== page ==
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Funeral guide

A funeral is a ceremony for celebrating, respecting, sanctifying, and remembering the life of the person who has died. Funeral customs comprise of complex beliefs and practices used by a culture to remember the dead, from the interment to the various memorials, prayers, and rituals undertaken in their honour. Customs may vary widely between cultures, and between religious affiliations within cultures.
A funeral is a unique event; it has value and is not purely an ordeal to be endured. The funeral of every person is important. It is an opportunity to record and celebrate a life and has tremendous significance for both the grieving families and for the memory of the person who has died. What to do when someone has died

What should you do when someone has died?

When an expected death occurs at home, the doctor who has been treating the deceased should be contacted, followed by a funeral director of your choice(they are available 24 hours a day every day of the year) and your faith leader (if required).
If you wish, the funeral director will contact a faith leader on your behalf.
Should the death be sudden, suspicious, unexpected, or you discover a body, you must contact the person’s family doctor / nearest relative and the police.
If the death was expected, and the person had been seen by the doctor in their final illness (within the previous 14 days) the doctor will attend and issue the Medical Certificate Cause of Death (MCCD) giving the cause of death.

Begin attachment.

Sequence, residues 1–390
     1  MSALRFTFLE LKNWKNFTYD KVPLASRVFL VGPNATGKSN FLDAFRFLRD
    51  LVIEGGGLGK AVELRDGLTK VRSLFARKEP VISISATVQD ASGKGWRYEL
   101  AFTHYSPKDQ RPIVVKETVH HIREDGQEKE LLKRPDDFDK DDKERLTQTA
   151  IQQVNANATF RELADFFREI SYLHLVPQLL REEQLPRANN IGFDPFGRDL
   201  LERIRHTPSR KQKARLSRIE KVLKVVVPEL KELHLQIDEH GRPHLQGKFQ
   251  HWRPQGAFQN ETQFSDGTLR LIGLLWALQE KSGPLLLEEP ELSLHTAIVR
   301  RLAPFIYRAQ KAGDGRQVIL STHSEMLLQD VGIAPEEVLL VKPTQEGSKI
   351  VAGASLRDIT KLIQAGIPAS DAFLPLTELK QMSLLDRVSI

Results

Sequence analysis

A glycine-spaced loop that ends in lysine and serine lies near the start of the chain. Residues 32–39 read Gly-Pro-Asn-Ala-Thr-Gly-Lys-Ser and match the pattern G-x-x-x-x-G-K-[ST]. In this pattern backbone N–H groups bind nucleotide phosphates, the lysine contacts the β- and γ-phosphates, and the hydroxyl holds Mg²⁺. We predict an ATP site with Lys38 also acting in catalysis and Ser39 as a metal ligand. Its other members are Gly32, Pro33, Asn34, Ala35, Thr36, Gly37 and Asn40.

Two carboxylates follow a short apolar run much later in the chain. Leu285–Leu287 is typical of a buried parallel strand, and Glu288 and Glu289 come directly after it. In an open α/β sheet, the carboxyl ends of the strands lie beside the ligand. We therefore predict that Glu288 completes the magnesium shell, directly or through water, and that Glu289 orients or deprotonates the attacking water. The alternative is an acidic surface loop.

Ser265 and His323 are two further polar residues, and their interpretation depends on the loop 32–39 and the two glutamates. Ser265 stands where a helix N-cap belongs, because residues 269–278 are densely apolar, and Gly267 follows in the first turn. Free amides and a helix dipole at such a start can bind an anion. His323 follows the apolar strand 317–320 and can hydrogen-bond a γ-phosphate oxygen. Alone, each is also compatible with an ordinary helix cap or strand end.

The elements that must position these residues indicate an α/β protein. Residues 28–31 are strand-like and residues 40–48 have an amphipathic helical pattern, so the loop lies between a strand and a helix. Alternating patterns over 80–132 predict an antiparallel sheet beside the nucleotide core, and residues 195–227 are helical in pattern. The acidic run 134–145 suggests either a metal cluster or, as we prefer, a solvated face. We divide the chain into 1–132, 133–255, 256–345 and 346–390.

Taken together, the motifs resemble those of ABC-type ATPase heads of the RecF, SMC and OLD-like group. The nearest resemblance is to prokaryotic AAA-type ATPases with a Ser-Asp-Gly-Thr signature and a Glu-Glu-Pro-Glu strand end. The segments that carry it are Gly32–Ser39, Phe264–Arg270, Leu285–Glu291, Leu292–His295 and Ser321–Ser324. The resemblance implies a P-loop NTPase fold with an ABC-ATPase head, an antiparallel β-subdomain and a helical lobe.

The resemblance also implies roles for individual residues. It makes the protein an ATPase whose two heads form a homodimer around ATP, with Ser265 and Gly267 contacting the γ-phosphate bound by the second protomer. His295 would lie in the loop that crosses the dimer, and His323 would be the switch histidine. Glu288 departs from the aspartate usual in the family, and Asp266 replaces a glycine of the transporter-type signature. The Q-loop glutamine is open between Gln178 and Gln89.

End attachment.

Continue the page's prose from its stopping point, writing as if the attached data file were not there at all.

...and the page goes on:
The MCCD is free of charge and will be given to you in an envelope addressed to the registrar, together with a formal notice that tells you the doctor has signed the MCCD and how to register the death. The doctor will also give permission for the deceased to be transferred to a funeral director’s premises.
Where the cause of death is unclear, when sudden or suspicious, the doctor will report the death to the coroner, the police will attend and the deceased will be taken to the hospital mortuary, where a post mortem may need to take place. The coroner must then decide if there should be further investigation. The registrar cannot register the death until the coroners’ decision has been made.
You may find that having a friend or member of the family as a companion during the next few days will be of help.

When and where to register the death?

In England and Wales, you must register the death within five days, unless the coroner is investigating the circumstances surrounding the death. Go to the registrars’ office in the area where the person died, as otherwise it will take longer to get the documents you need and this could delay the funeral.

Who issues the death certificate?

A death certificate is a legal requirement and can be obtained from the Registrar of Births, Marriages and Deaths. Most registrars operate an appointments system. Their number is in the local area telephone directory, and you will need to ring beforehand to make an
appointment. The funeral director, doctor, hospital authority, hospice or coroners’ officer can also tell you what to do and where to go. If there is to be a post-mortem there may be a delay, but the coroner will advise you.